English 680, Teaching Internship in English, is designed to introduce Master’s students to college teaching and to allow doctoral students to broaden their preparation for teaching. Ordinarily, Master’s students intern in lower division courses (100- and sometimes 200-level); PhD students may intern in upper division courses for majors. Under no circumstances are interns to be placed in courses at the 500-level or above. Interns who have teaching or grading duties must register for English 680.
MA students completing the “Teaching Composition Plan” must take ENG 680; MA students completing the “Careers in the Humanities Plan” may take either ENG 680 or ENG 622; MA students completing the “Thesis Plan” may take ENG 680 but in addition to not within their 30 hours of required coursework.
Internships are designed as work with or under a mentor, not as team-teaching experiences. Masters students will normally have insufficient course work to hold a teaching position; PhD students may have ample course work completed, but they also have substantial duties as TAs in one or two courses they teach independently each semester. Further, undergraduates who enroll in upper-level English courses reasonably expect that the course will be taught by a member of the faculty. Accordingly, interns are expected to teach under direct supervision of the faculty member in charge of the class, with no more than one class taken by the student in the absence of the supervising faculty member. In extraordinary and unexpected circumstances (jury duty, illness, etc.), the faculty can, in consultation with the Graduate Director, modify this policy.
Interns should be required to do no more than an average of 10 hours work per week, including class preparation and attendance, grading, student conferences and teaching. They are responsible for consulting with the faculty member in the planning stages of the course and syllabus, where possible, and for working with the faculty member in all aspects of the course, including responding to assignments and teaching classes. It is normally expected that in intern will teach one “unit” of a course (e.g. a text, an author, a section of a topic); in a literature course, for example, this might amount to about two or three weeks, while in a writing course it might amount to the preparation and revision of one paper or story.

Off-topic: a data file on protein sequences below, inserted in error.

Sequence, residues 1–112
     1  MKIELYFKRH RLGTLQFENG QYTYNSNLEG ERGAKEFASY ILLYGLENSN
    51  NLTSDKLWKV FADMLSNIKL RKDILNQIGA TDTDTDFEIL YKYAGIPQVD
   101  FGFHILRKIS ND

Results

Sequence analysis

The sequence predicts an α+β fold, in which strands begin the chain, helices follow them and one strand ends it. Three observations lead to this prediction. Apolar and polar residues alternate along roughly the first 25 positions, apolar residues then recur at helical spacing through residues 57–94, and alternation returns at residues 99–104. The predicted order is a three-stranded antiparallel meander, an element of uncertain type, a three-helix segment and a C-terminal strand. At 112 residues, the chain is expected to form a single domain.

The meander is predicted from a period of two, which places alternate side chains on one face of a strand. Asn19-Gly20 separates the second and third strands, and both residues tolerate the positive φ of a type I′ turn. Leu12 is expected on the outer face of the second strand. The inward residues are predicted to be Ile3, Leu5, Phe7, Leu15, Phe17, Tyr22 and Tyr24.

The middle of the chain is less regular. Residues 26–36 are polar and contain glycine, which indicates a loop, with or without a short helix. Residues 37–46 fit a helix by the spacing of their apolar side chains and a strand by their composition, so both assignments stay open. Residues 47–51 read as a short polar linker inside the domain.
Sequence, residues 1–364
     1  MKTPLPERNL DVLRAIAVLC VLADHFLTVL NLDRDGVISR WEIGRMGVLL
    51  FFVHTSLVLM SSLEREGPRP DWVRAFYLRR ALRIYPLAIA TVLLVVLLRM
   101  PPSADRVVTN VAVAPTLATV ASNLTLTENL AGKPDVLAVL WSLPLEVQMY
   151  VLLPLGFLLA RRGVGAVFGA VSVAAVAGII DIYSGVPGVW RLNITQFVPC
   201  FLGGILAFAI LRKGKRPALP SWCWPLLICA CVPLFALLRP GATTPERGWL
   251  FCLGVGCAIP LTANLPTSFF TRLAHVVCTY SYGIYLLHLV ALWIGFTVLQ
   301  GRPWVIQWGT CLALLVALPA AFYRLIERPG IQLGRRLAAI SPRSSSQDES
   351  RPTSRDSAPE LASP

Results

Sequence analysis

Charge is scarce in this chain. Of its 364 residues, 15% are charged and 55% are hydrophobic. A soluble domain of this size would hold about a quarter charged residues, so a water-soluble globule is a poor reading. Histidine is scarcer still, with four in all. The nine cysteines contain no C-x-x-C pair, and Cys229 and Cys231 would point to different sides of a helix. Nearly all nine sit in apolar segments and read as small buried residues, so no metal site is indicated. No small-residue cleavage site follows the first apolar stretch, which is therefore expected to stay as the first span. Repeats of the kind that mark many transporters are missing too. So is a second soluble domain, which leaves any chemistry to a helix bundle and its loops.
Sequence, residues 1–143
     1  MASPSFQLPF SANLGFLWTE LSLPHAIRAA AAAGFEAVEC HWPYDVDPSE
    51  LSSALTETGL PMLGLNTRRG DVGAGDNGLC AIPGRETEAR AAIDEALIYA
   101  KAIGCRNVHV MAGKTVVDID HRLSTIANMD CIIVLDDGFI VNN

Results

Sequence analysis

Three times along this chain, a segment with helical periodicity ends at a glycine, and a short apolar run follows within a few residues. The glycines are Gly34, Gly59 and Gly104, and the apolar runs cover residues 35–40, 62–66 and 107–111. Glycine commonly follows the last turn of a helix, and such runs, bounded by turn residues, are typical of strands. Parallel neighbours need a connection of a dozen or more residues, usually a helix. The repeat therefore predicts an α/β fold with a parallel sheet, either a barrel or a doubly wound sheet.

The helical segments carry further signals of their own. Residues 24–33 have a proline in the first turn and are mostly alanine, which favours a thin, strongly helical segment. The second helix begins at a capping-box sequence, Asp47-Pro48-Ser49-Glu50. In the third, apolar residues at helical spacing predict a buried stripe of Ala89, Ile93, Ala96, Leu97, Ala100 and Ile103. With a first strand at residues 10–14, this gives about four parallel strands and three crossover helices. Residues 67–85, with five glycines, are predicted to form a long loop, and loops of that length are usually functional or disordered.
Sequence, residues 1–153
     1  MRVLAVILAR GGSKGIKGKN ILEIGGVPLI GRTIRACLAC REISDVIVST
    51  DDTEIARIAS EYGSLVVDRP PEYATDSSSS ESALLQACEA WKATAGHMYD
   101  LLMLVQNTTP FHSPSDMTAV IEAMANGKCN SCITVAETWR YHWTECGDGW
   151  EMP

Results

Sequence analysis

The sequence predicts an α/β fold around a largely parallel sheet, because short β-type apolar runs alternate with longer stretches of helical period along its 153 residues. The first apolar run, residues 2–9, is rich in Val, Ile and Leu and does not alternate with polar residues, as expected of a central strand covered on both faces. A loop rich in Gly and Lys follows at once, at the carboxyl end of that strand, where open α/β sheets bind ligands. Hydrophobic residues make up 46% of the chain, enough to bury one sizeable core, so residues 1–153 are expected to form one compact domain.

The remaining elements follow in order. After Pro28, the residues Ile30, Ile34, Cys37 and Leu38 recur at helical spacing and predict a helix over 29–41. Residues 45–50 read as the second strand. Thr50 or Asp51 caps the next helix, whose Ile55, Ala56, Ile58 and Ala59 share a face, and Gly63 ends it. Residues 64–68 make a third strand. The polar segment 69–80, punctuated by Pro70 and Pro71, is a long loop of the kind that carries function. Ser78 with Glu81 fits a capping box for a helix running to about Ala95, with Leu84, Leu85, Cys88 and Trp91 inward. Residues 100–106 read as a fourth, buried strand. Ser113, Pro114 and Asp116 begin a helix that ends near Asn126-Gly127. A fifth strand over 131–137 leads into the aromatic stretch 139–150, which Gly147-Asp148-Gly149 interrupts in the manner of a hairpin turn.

Normally masters students should take the internship after at least 12 hours of graduate course work are completed. PhD students should defer the internship until the end of their regular course work; this deferral helps them to maintain continuous enrollment without exceeding allowable dissertation hours and allows them to target their internship toward their preparation for the job market.
Ordinarily tenured or tenure-track members of the graduate faculty supervise internships. Exceptions may be made under unusual circumstances in consultation with the Department Head.
Registration for an internship is manual. You can get the required paperwork from the graduate administrative assistant. You must get the permission of a faculty supervisor AND file a short summary of the responsibilities to which you and the faculty supervisor agreed. This summary must be given to the Graduate Administrative Assistant (Alyson Everhart ) before you register for the class.
Download a copy of this policy